What are the latest corporate fitness programs, trends and strategies that work? In CIO magazine, James Martin’s article 6 corporate wellness and fitness strategies for 2017 reports on what he learned at a recent Fitbit Captivate wellness conference. The events are sponsored by Fitbit to provide HR professionals with “the inspiration and tools they need to implement engaging, effective wellness programs that drive great company culture and business performance.”
Among the ideas he discusses, first and foremost is focus. Martin notes that many program goals are broad and rather amorphous: ‘do this for your health.” He suggests more concrete messaging that taps into an employee’s concrete goals rather than a more general message of “getting healthy.” We agree: every individual’s reason for engaging is specific. An employee’s goal might be to lose weight for a special upcoming occasion like a vacation or a daughter’s wedding; it might be to exercise more or run in a marathon to coincide with a landmark birthday, such as reaching age 40 or 50; or it might be tied to a health scare, their own or a family member’s. At TotalCare Wellness, we believe in the importance of a comprehensive employee wellness communication program harnessing multiple media and tailoring frequent messages to a wide spectrum of potential motivations. We find that when employees work to their own concrete goals, the goals are more achievable and success fosters continued engagement. When goals are too broad, they often fail. Our wellness coaching helps employees set and achieve their own custom wellness goals, large or small.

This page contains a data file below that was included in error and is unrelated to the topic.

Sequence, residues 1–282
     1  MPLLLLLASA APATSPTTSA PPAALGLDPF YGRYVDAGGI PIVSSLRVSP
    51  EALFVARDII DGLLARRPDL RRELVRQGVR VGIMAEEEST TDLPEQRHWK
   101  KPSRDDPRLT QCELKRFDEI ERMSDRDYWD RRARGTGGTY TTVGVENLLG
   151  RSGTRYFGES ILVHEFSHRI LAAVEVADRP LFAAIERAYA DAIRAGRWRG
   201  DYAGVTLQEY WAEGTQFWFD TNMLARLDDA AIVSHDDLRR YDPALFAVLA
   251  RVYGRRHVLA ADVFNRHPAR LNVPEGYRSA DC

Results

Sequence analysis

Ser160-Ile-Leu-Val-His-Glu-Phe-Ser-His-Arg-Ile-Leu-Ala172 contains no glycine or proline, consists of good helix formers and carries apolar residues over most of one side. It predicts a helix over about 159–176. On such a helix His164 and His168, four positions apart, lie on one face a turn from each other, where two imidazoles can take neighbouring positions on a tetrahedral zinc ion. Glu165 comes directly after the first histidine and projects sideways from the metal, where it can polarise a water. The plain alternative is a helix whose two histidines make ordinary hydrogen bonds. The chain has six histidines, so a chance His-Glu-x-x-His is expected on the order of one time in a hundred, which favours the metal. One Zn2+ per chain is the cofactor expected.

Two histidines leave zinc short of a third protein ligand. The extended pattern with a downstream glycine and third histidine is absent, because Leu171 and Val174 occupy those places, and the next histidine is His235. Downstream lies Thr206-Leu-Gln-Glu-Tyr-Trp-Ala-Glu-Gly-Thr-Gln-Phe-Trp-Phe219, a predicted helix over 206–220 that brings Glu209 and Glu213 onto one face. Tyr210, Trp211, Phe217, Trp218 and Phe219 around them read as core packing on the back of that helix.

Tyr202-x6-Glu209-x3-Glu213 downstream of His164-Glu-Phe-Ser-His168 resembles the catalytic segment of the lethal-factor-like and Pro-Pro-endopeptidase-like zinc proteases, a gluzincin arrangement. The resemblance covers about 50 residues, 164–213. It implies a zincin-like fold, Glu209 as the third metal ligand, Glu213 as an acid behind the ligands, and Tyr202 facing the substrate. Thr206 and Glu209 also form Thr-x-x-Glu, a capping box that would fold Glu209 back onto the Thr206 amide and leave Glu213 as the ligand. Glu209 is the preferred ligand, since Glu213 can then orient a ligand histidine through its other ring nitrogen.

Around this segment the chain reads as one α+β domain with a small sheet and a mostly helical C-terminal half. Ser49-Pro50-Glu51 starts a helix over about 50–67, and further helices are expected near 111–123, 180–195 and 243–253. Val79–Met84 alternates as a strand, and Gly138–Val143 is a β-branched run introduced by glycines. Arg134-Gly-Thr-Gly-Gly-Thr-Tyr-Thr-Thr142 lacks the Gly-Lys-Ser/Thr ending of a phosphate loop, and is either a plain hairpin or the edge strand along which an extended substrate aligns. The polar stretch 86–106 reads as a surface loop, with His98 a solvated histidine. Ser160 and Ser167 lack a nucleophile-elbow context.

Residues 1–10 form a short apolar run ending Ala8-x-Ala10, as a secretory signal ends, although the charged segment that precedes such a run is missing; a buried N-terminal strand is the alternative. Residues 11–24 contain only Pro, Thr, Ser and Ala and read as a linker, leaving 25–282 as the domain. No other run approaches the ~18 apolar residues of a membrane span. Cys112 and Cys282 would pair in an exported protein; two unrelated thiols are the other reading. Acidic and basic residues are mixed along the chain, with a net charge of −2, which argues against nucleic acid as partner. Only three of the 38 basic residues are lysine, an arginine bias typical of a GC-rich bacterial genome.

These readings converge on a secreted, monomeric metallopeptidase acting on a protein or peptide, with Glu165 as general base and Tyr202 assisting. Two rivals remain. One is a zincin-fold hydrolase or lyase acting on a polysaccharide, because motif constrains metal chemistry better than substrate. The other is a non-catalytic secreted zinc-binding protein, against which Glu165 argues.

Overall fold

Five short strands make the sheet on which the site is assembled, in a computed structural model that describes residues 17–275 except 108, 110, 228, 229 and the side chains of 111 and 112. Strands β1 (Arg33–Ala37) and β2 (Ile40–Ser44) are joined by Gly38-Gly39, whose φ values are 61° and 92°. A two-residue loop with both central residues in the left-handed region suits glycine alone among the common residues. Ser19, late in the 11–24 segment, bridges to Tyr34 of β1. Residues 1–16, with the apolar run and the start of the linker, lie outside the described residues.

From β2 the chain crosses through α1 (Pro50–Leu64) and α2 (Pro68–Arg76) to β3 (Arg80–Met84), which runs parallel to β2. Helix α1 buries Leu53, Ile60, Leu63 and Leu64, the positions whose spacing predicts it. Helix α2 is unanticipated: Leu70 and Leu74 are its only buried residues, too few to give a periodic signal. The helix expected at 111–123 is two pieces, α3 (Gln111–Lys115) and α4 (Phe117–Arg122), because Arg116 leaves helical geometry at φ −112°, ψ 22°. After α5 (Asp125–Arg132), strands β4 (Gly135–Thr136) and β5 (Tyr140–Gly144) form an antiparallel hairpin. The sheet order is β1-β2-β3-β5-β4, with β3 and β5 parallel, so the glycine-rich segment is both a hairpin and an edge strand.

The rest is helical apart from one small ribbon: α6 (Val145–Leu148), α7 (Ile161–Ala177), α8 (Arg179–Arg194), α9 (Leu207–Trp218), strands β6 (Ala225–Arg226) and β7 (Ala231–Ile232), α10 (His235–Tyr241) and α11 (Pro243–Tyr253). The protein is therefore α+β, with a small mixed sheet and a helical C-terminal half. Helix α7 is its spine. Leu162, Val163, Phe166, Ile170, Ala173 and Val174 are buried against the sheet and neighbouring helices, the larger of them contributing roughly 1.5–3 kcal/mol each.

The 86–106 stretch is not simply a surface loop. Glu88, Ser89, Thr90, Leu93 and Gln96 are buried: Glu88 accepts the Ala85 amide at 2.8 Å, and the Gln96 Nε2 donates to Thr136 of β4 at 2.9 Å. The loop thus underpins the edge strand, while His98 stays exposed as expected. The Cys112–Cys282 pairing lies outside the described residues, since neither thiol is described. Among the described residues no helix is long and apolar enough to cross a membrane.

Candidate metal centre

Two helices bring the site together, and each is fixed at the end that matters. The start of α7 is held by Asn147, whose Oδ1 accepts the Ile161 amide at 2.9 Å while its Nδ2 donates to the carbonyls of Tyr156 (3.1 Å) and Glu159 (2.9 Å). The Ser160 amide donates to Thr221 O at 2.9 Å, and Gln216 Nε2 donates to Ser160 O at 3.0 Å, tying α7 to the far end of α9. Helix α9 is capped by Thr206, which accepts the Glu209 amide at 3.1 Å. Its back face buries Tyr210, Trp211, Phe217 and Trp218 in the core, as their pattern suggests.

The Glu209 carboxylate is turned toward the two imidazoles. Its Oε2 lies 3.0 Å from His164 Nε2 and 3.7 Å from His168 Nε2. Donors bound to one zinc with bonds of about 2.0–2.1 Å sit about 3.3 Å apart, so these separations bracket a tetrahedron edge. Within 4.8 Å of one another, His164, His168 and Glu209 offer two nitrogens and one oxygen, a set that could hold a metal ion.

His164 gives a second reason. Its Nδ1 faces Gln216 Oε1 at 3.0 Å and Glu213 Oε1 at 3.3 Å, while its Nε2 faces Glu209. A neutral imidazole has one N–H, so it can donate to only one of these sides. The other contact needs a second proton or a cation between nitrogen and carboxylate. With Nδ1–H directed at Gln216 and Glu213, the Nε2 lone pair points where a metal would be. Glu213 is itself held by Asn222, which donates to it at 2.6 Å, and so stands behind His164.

Another key idea that surfaced at the conference was the importance of getting buy-in from the CEO. In our experience, CEO involvement is a critical factor in virtually every successful corporate initiative. Goals that start at the top and have passionate champions in the senior ranks yield the best results. When it comes to transforming an organization to a culture of health and wellness, we encourage senior managers to talk the talk and walk the walk. Define wellness as a corporate value, and reinforce it at all company meetings; tie specific goals into managerial performance reviews.
Martin notes that attendees agree that proving ROI is still tricky, but that the ultimate goal is (and we think should be) to help employees ‘bring their best selves to work.’ Plus, in addition to the many positives, corporate wellness programs can also offer solutions for some age-old issues that often pose serious threats to employee productivity: stress, smoking, and substance abuse, to name a few. Wellness is a natural adjunct to an organizations employee assistance program, or EAP.